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Pride or Prejudice? Relationships Between Africans and American Negroes Race & Class

"I wrote this in 1966, having suggested the subject to Life Magazine in New York in '65 (funny, I can just now recall the name of the commissioning editor, David, perhaps Dave, Manness) who announced: I like it! And that was that. I travelled up & down the States in some style: a wonderful experience. I was 27. In the deep South it was still rather racially dangerous: a trio of young men, working for civil rights, had just been thrown into a dam to their deaths.

I travelled to perhaps 17 cities, some villages and a few hamlets. I side-stepped to Santa Fe because D H Lawrence, one of my college days heroes, had been invited there by car heiress Mabel(?) Dodge. Later in the day, after I had seen the house, perhaps 40 years afterwards, when I called on Lady Brett, the English aristocrat who had followed DHL like the wind to America, now a sprightly little sparrow, she said to me: "Did you see a kennel near the house? That's where that Mabel Dodge put me!" I couldn't suppress laughter!"

In San Francisco two lean gentlemen whose contact I'd been given, and who lived at very fashionable no.1 Telegraph Hill, invited me as their guest to a perhaps $500 (a colossal sum then!) plate luncheon in support of a man trying to be Governor of California. Needless to say I was the only Black there, among perhaps 300 souls. The man, who obviously loved to be loved, told some pretty feeble jokes when his turn came, greeted by raucous laughter - me the exception throughout.

I told my friend John Gilbert back in New York about my lunch, ending: "That prat will never make Governor of California, the very idea!" Said Gilbert: "You've absolutely no idea of the US. He can go even higher!" It was a Mr Reagan, actor.

My tour through the US, on a subject of my own choosing, was a lucky thing. I was in the right place at the right time, with the Black people (called Negroes in my article, but I am afraid that was what it was then!) starting to flex their muscle. "Black is Beautiful" was right round the corner. The young fellow I was, very much an individualist, as I still largely am, saw a truth which I never relinquished: that to fight for your long-denied rights, groupings are critically important. In this case the Group was Black, and it was in America I learnt this, 47 years ago.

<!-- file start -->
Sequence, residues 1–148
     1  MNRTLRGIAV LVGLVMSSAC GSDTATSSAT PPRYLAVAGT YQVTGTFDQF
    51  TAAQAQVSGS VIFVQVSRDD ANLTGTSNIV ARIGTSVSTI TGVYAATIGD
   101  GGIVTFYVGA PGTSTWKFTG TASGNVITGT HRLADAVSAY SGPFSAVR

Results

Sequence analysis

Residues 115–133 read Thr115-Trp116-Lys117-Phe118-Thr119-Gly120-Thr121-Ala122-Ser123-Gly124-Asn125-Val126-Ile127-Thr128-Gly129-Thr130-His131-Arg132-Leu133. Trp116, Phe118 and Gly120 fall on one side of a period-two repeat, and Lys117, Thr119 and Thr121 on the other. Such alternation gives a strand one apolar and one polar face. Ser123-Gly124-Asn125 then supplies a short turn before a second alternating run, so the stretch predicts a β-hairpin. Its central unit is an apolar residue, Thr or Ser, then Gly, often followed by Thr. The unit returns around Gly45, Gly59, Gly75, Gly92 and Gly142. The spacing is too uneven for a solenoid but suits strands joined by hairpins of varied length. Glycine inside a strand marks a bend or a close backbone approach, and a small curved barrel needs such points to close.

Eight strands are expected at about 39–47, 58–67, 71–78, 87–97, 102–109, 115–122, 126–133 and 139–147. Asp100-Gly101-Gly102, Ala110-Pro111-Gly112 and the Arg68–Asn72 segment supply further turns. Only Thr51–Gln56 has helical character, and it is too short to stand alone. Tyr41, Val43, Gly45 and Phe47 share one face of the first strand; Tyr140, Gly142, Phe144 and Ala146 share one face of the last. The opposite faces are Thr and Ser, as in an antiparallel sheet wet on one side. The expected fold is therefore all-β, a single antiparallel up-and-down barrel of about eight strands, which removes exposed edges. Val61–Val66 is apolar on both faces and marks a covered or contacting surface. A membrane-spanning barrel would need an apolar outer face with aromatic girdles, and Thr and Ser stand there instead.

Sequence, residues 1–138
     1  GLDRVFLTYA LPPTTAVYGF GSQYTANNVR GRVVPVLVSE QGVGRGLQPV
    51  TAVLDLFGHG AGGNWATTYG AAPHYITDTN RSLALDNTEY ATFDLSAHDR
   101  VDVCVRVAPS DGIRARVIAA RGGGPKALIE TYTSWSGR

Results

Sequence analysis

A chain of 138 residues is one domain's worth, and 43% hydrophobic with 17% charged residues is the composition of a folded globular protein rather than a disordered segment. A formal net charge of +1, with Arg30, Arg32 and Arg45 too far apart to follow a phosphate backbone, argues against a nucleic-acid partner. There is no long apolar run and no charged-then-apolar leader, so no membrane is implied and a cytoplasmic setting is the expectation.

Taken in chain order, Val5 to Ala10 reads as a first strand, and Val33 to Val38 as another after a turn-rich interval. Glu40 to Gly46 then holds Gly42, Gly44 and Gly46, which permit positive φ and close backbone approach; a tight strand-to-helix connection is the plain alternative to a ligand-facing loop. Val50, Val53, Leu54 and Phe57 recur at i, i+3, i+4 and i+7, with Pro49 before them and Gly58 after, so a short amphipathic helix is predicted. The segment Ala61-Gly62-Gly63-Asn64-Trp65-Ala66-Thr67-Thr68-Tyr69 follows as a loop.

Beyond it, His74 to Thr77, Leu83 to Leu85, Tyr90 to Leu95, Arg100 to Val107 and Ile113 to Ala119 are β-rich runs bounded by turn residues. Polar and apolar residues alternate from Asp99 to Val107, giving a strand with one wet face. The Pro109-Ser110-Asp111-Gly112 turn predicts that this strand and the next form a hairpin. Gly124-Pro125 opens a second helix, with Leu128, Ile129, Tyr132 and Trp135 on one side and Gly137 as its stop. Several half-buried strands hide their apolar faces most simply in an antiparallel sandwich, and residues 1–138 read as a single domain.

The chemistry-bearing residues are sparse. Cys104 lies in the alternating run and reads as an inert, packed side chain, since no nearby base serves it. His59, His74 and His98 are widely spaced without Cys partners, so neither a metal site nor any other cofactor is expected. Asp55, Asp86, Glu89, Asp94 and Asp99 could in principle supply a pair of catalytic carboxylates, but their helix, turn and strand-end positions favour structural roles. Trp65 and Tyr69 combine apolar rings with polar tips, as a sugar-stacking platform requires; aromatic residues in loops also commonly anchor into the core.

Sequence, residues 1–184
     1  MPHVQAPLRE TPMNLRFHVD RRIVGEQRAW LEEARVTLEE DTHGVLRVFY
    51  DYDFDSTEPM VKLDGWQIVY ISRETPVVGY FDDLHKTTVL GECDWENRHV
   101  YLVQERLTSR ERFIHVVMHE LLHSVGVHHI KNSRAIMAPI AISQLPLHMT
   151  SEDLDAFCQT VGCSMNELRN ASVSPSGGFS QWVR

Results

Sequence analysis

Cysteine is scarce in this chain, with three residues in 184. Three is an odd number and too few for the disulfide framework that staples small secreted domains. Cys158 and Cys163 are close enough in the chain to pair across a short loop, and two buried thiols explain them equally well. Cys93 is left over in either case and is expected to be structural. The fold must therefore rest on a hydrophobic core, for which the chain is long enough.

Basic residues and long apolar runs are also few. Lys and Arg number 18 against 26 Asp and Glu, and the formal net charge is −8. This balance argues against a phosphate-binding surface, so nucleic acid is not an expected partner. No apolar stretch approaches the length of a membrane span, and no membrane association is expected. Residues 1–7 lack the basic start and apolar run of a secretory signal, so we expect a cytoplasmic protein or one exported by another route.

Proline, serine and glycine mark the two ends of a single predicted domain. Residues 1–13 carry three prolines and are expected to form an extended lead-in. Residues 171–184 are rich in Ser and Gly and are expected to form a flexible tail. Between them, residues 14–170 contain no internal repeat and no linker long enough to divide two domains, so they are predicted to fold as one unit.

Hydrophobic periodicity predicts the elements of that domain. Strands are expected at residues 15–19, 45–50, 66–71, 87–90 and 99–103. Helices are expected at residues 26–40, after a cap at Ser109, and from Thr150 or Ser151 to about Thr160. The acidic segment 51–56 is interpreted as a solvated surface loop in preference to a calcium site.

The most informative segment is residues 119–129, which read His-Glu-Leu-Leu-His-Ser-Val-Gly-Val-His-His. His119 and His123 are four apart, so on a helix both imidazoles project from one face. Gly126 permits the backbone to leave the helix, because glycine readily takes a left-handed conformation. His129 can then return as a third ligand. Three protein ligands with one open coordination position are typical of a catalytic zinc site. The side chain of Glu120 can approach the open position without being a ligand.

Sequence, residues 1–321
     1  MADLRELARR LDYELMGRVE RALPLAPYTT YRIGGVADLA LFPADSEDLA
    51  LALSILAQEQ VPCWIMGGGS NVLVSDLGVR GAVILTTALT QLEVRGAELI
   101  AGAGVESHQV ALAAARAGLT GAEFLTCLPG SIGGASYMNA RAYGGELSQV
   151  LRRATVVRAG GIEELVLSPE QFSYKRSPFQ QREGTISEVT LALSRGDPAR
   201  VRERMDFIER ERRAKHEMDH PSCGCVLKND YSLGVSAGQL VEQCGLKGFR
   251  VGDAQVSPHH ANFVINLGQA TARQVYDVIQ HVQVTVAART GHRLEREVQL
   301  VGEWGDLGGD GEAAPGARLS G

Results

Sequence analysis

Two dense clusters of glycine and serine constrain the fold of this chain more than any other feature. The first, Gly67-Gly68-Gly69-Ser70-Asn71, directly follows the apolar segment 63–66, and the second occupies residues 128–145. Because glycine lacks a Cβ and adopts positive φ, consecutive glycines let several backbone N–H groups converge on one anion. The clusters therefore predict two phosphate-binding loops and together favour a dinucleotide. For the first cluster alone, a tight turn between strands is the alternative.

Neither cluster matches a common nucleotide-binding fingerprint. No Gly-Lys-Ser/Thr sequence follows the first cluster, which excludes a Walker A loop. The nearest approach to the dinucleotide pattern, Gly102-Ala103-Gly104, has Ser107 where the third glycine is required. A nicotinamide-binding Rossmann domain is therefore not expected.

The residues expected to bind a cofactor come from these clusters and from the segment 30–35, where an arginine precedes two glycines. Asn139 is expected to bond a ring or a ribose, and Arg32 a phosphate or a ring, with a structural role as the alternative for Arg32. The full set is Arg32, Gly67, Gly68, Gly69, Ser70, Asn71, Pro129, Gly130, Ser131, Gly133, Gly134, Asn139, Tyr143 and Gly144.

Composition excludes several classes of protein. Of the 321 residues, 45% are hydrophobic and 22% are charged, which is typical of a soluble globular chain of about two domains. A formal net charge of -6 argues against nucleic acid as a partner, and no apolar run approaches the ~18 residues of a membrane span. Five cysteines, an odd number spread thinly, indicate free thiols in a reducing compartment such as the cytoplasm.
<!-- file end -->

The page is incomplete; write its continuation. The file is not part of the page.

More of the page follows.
In the event Life never published this article which they had commissioned. Towards the end of '65, I left New York for London, en route for home. I thought I'd finish the article in London & send it on to Life. It wasn't until twenty years later that I arrived back in Uganda to stay, although a couple of times I sneaked in, once to play an international cricket match; twice, in one year, 1973, to bury my parents: my father in January as a result of Parkinson's Disease, my mother through the resultant heartbreak, in September. (Otherwise Uganda was too hot a potato to live in, as records testify; especially if it was suspected - and the suspicions would be accurate in some of our cases - that you were unfriendly to the State.)

Also in January '66, the Uganda Government, under Obote, sent Amin Dada (later to grow exceedingly notorious) to capture dead or alive King Mutesa II of Buganda. Uganda's centre  couldn't hold; collapsed. My concentration on the article (a mere article!) also broke. I was unable to write. By the time I recovered enough to do so, Life Magazine thanked me, but said I had missed my slot. Fortunately a small but important publication in London, the Race journal published it instead. Thanks a million, as the Irish say.

And here's another miracle! Only three days ago, having despaired that after all these years I would find any copy of this article; all mine seemed to have disappeared, one after another, down the loom of years! I emailed, almost as a dare, the fact that I doubted I would ever see a copy of this article again. The recipient of my email, Alex Lucas, in NY, NY, aroused by the challenge, took it up. Within a couple of days the article was an attachment to me. Never say die! Thanks a million Alex Lucas!

And, in a way, the suspense might have been worth it. Doesn't it say: 'Throw your bread upon the waters and it shall return to you after many days!' "

John Nagenda
February 2012.

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Relationships Between Africans and American Negroes,October 1967: Race & Class by John Nagenda

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